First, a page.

The Family Room is a versatile space as the twin beds can be made into a king sized bed. A double-bed size futon is also in the room.
“Family Room” is an appropriate name for this setting. Very popular for grandparents or parents traveling with young folk. One three generation family from Doaktown likes to visit during Christmas in the Village which is the last weekend in November (The same time as the American Thanksgiving). Marian loves to decorate for them using Christmas table settings and linens.
Two brothers, both retired pilots, have come to the Village every year for now over thirty years to go canoeing for three days starting the Tuesday after Labor Day. The elder brother is from Ottawa and the younger is from Riverview, NB. They have made friends in the village over time and have a routine (including what they want for lunch). Their well-practiced stories, teasing, and good humor are a joy that marks the beginning of the fall season here at Lang House.
The room overlooks the wharf and Front Street. The owner of our home after Captain Weston was Jean Rubidge who was a nurse and mid-wife (more about her and her daughter, Joan, when we talk about the Queen Room). Her two daughters would talk to boys down on the street and tease them from the window. Joan has been back to visit Lang House during open houses and loves to relive some of her stories with her daughter and her family. They have been helpful in telling us how the house used to look before the new wing was added in 2006.
In our first winter of being BnB owners, we were fortunate to have guests from New England, the man was a state senator and his wife, a most gracious, educated woman. They were here in the village to celebrate the 100th anniversary of a woman living at Orchard View Care Home. The party was well attended and a woman asked where they were staying. When they answered, “Step-A-Side” (the name “Lang House” was not yet established), the woman was aghast and said that she would never stay there again! Our guests listened to her story and upon their return told us that they took it upon themselves to have this woman over to tell us herself what had happened in the Family Room.
When she arrived, we went directly upstairs, I sat on the futon and she and our guests stood. Bruce was not there for some reason. As the story goes, this woman and her brother (both in their 60s) were asleep, each in their twin bed. She was awakened by what seemed to be a man, but not a in-the-flesh man but nonetheless a man-like spirit on top of her. She said that she told him in a firm manner to go away and he did. She had stayed the previous night and continued to stay for a third night without another encounter.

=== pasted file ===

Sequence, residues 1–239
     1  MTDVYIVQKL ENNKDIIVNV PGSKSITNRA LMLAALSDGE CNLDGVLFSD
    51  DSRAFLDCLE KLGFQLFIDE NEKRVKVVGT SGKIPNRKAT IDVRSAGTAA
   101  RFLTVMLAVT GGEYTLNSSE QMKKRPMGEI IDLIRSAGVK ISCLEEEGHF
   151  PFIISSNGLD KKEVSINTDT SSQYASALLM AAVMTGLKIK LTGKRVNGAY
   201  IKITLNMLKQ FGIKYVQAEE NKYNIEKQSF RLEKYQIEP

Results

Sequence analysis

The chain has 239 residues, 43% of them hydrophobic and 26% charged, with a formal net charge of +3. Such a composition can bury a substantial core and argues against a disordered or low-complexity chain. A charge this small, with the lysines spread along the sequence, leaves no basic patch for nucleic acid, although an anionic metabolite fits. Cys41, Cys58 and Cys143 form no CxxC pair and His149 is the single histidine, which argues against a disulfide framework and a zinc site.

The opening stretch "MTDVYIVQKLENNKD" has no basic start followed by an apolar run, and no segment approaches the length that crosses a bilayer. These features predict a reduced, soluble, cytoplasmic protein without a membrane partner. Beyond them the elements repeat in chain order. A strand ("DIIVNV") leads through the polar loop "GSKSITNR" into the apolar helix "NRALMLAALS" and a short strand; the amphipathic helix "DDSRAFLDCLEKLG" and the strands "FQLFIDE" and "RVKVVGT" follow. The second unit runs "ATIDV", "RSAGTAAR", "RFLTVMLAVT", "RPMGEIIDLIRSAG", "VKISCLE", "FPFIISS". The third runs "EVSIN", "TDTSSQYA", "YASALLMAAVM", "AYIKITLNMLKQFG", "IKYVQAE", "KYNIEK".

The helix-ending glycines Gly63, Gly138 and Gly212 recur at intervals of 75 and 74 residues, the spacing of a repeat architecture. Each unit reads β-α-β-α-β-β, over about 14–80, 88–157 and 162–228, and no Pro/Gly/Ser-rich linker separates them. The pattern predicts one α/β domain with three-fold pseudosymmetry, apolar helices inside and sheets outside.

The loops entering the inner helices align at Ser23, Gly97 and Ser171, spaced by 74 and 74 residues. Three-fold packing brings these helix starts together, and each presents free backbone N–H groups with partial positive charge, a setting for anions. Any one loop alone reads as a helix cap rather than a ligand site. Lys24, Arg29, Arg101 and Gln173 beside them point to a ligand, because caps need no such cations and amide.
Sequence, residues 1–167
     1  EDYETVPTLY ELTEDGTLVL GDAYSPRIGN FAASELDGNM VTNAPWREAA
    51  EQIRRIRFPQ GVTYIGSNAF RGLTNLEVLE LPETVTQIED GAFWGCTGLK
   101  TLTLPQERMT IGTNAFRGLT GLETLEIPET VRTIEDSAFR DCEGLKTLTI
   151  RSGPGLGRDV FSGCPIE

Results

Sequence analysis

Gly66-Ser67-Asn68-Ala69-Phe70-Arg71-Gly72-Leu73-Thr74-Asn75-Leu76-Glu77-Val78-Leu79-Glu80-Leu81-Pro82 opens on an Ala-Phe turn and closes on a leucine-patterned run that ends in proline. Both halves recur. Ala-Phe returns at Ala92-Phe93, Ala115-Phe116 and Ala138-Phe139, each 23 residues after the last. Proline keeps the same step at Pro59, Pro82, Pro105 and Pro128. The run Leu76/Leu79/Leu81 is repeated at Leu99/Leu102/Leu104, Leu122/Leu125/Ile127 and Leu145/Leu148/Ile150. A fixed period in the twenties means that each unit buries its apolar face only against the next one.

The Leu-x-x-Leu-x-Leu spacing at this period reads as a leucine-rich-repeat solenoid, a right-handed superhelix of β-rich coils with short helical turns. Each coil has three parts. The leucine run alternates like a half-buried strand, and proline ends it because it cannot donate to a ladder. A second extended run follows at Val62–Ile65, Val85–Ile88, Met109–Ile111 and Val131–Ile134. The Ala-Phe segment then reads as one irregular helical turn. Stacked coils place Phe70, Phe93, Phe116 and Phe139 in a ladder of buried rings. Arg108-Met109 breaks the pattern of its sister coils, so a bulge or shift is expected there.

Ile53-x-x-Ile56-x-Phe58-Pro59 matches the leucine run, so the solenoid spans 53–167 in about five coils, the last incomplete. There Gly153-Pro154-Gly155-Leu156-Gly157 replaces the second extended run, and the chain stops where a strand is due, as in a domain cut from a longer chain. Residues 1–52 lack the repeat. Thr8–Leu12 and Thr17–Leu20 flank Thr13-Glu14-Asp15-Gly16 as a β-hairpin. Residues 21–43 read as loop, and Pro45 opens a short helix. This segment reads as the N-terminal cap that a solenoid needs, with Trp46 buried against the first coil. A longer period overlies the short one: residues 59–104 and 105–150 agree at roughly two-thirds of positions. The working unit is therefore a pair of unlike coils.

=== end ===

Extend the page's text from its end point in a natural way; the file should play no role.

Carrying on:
Being new to the business of hosting people let alone ghosts, I was not happy. I was afraid that if I did have a ghost or ghosts, our business would be ruined. I remembered hearing a neighbor, Cindy, say how she and her husband wanted a ghost in their house. They had one of the oldest homes in the village and it only seemed right that they had a ghost. So, a few days later, we sat on the futon and walked around the room and hall and addressed the ghost. Me telling him that he would be bad for business and Cindy saying how they lived nearby (gave the address) and made a most welcoming invitation. This all happened around 11 o’clock in the morning. Around 4 that afternoon, their old dog, a massif, took to coughing and coughed up flem and blood, rare for a dog. By 7pm that night their dog, who had not been in good health, died. Were these events connected?
As time went on, my friends experienced a mischievous ghost who would remove things and then put them back. Like special kitchen tools and small items. They have their own stories to tell.
Stories to tell, that’s what these are. I think that ghosts come to those who want them or who are, at least, open to them. Each room in the “Ghost Wing” can be used as a setting to tell a story about different types of ghosts. Why is there only one story per room when hundreds of people have stayed here?
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